Fans knew the Cubs would be sellers once again this trade deadline, and with their flurry of deals over the past month, they've added several more key prospects. By dealing solid pieces for future returns, the Cubs have made their next few seasons seem even brighter than before. Here is a breakdown of each trade over the past month:
Jeff Samardzija and Jason Hammel to Athletics for SS Addison Russell and OF Billy McKinney
Trade Grade: A+
Clearly the biggest trade the Cubs made, this blockbuster helped turn the Athletics into World Series favorites and made the Cubs' farm system the best in the league. After ace Jeff Samardzija turned down their final five-year, $85 million offer, it was clear he had to be moved. Hammel, on the other hand, was always on the trade block after he signed a one-year contract with the team in the offseason.
Here are a look at Samardzija's numbers before and after the trade so far:
And Hammel's numbers before and after the trade:
Clearly, Hammel is struggling a bit with the move to Oakland. As for Addison Russell, who was this season's preseason No. 4 prospect in baseball, he hasn't struggled anywhere yet.
As a shortstop, Russell figures to push other top prospect Javier Baez to second base or the outfield, while nobody really knows where three-time all star Starlin Castro will end up.
2B Darwin Barney to Dodgers for RHP Jonathan Martinez
Trade Grade: B
With so many infield prospects coming through the team's minor league system, it was clear Barney's days with the Cubs were numbered. After they designated him for assignment, there was no doubt he was headed somewhere else.
Hitting just .230 this season, Barney could never get on a roll at the plate. The fact the Cubs were able to get a decent pitching prospect in return for him is actually a large credit to them. Martinez has a pitching line of 7-5 and a 3.47 ERA with 91 strikeouts in 106.1 innings pitched as a 20-year old in Class-A. Even with Barney's hitting woes, Cubs fans will never forget his incredible run to the 2012 Gold Glove Award at second base.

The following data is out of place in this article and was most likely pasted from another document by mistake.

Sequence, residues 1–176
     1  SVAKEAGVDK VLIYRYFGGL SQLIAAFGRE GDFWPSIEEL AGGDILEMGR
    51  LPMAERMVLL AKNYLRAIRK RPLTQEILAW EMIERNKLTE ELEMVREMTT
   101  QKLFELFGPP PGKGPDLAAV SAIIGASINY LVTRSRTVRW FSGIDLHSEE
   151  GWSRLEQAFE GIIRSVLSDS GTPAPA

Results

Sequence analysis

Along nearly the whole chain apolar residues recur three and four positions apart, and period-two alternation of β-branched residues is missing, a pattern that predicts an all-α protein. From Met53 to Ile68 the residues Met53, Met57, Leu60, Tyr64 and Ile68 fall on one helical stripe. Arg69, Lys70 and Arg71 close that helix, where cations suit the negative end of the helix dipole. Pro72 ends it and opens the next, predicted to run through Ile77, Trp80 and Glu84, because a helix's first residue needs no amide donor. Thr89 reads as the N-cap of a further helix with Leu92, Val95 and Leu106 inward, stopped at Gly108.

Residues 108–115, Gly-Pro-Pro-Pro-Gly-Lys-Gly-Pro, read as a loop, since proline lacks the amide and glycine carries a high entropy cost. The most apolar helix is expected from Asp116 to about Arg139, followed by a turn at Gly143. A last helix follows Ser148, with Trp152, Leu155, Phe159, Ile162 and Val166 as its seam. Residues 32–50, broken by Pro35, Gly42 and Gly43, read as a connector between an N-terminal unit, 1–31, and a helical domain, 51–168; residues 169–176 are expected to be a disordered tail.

Player to Be Named Later to Red Sox for LHP Felix Doubront
Trade Grade: B+
This is the first trade the Cubs have made in a while as buyers as opposed to sellers. Obviously the team doesn't expect Doubront to turn the club around in 2014, but they do believe he can be a contributor in the back end of the rotation in the future.
Doubront, who was signed by the Red Sox and Theo Epstein in 2004 as a 16-year old Venezuelan free agent, has shown flashes of brilliance during his up-and-down major league career. He has pitched across five different big league seasons including 2014, with the 2012 and 2013 seasons being his best. In fact, Doubront had a streak of 13 straight games without giving up more than three runs last season.
This season the wheels fell off for the 26-year old, who never quite got on a roll. He was replaced in the rotation and seemed disinterested in the bullpen. Perhaps with a change of scenery, the southpaw can establish himself.
Here's a look at Doubront's steadily declining numbers:
Even though he will begin his Cubs career on the DL with a calf strain, this seems like a relatively safe deal for the Cubs to make. Worst-case scenario is they gave up a low-level prospect. Best-case scenario is Doubront establishes himself and makes the Cubs rotation deeper.
Emilio Bonifacio and James Russell to Braves for C Victor Caratini
Trade Grade: B-
The Cubs did address their biggest positional need (other than pitching) by acquiring the Braves' No. 8 prospect, but giving up Russell in the deal seemed unnecessary. Everyone knew Bonifacio would be on the move when he got off to a hot start this season, but Russell could've been part of the team's future plans.
Russell has proven to be an effective lefty for the Cubs, posting a 3.51 ERA in 44 appearances this season. Now, the Cubs will have to do even more work to rebuild their questionable bullpen.
Meanwhile, Caratini, who was the Braves' second-round pick in the 2013 MLB Amateur Draft, has played well so far in professional baseball. This season in Class-A, he's batting .279 with five home runs and 42 RBI.
Now the team has reasonable depth at every position in the minor leagues other than pitching. There's no need to fret over that, though, as Epstein and GM Jed Hoyer continue to reiterate their confidence in building the bullpen and pitching staff through free agency.
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